I want to put the following phrase into a book.

Khabarovsk (Russian: Хабаровск)
is located 30 kilometers (19 mi) 
from the Chinese border.

The source is NOT UTF-8 and I don't have the option to make it UTF-8. I want to enter the Russian characters in a robust way that will not be distorted when the file is transferred between different people, and so I am limited to ASCII.

I have entered this:

Khabarovsk (Russian: \char"0425 \char"0430 \char"0431 \char"0430 
\char"0440 \char"043E \char"0432 \char"0441 \char"043A )
is located 30 kilometers (19 mi) 
from the Chinese border.

This works in XeLaTeX (which is what I am using). Is this really the best way to enter these Unicode character code-points into LaTeX source?

Is there a standard way to specify a Unicode character that will work across all versions of LaTeX? If not, any comments on why there is no such standard notation for this? I am just trying to understand where all this is going.


Let me expand upon the excellent answer given by David Carlisle below. The caret notation would be like this:

Khabarovsk (Russian: 
is located 30 kilometers (19 mi) 
from the Chinese border.

This is superior for a number of reasons:

  1. The \char form 'eats' a space after the command (the way TeX normally does) and that means that if you want a space, you have to do something special, like put an extra slash-space (standard TeX command behavior). The caret notation is exactly like a character: put a space between them and that space works like a space between characters.
  2. This conversion is done at the initial parsing level, which means these characters can be used for anything in TeX, including spelling of commands. They simply represent characters in the input stream for any purpose.
  3. David implied that the \char notation might be picking a code point in a font. I suppose most fonts use Unicode so this might or might not be a problem, but in any case using the caret notation allows the character to be processed by all the following logic exactly as if you typed the character into the source file.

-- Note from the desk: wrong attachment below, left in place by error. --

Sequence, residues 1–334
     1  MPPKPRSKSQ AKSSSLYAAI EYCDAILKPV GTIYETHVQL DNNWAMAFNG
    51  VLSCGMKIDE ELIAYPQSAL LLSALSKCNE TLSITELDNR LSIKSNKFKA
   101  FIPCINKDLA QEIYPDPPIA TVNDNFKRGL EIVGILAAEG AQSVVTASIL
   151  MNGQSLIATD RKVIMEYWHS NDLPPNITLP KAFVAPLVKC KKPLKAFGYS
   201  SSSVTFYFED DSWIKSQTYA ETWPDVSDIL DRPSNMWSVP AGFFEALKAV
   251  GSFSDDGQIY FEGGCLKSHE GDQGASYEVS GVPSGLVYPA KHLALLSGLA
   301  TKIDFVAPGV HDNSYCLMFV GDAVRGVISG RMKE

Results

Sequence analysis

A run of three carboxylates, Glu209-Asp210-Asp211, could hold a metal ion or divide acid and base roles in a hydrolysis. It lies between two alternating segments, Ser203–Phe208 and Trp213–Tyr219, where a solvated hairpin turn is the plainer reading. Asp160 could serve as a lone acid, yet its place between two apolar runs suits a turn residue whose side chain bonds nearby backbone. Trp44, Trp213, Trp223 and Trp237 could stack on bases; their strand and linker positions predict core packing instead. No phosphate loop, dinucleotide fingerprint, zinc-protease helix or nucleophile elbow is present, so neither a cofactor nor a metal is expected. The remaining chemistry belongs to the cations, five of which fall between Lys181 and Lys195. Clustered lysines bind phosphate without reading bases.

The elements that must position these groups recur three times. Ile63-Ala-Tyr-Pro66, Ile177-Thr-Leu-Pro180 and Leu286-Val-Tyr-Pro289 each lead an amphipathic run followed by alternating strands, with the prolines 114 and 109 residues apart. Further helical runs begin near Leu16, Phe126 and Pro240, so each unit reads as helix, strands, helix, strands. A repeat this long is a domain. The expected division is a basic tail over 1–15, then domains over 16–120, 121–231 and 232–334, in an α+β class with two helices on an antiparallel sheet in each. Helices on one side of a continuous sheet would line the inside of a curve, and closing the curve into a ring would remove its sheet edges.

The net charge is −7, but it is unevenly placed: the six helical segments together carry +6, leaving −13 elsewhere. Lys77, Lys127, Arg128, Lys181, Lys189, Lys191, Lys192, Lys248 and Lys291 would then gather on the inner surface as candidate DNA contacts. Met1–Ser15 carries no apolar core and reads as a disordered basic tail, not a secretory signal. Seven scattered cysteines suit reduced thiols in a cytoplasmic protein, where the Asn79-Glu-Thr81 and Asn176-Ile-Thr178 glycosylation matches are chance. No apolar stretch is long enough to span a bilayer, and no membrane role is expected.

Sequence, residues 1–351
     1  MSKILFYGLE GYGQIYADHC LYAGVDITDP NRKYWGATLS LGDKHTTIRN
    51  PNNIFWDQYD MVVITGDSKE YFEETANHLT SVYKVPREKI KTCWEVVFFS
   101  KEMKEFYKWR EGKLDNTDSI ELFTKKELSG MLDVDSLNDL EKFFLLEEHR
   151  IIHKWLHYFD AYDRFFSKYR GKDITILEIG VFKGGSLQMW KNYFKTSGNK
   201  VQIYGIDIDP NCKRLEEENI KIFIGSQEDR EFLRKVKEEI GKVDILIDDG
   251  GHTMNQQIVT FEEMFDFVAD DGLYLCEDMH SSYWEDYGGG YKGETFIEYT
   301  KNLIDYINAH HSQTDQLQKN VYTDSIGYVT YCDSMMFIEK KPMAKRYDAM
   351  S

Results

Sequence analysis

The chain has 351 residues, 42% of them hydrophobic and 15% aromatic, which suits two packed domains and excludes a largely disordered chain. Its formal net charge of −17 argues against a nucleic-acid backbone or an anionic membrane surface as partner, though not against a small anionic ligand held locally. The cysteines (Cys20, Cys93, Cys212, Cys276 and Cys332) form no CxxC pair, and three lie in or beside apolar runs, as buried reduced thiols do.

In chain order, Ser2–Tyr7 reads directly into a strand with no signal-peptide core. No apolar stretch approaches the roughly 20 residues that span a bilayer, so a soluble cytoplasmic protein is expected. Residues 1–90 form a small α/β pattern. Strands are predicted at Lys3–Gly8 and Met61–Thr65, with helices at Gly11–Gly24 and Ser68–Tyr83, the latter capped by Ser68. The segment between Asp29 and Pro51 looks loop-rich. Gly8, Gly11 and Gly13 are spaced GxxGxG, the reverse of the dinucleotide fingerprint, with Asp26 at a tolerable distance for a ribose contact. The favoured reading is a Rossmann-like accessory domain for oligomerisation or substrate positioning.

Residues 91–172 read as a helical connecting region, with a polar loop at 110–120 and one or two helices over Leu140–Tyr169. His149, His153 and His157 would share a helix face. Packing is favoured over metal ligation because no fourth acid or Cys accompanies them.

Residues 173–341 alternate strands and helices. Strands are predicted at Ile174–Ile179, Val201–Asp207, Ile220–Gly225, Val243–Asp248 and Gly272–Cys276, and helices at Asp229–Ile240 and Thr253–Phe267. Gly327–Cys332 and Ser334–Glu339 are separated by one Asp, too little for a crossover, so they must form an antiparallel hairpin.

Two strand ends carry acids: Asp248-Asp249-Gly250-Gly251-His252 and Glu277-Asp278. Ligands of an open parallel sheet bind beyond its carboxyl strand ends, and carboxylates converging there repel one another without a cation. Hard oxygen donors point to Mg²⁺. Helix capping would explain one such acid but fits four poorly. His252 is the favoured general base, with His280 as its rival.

4. The notation is slightly more compact: 8 characters instead of 10.

Only note: the hex digits MUST use lower case letters. I don't know for sure, but I assume this only works on XeTeX and variants of that.

See further discussion at blog post on Adding Unicode Characters to LaTeX documents


It's probably better to use ^^^^043a which produces a character token, rather than use \char"043A which is a non expandable primitive accessing a font position. The character token is usable in more contexts (such as writing to tables of contents) and generally has less restrictions than \char.

the ^^^^ notation (and \char"043A) will work in luatex or xetex, neither work in pdftex which can not access slots above "FF To use unicode naturally in pdftex you really want to use utf8 encoding and inputenc.

  • 1
    Thanks for the pointer to quad-^ notation. I saw double-^ notation mentioned elsewhere, but I have not been able to find documentation on it. How does the syntax work: is it exactly 4 hex digits following it? I also am not familiar with the " and how that works. Where could I look up more on this? – AgilePro Apr 6 '15 at 1:34
  • 1
    @AgilePro Four ^ want four hexadecimal digits (with a-f lowercase); five want five and six want six. – egreg Apr 6 '15 at 8:45

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